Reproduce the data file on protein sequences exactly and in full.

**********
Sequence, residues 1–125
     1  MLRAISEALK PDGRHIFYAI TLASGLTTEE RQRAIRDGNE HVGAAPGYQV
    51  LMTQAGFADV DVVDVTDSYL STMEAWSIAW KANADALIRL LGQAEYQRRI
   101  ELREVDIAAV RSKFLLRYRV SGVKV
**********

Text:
Sequence, residues 1–125
     1  MLRAISEALK PDGRHIFYAI TLASGLTTEE RQRAIRDGNE HVGAAPGYQV
    51  LMTQAGFADV DVVDVTDSYL STMEAWSIAW KANADALIRL LGQAEYQRRI
   101  ELREVDIAAV RSKFLLRYRV SGVKV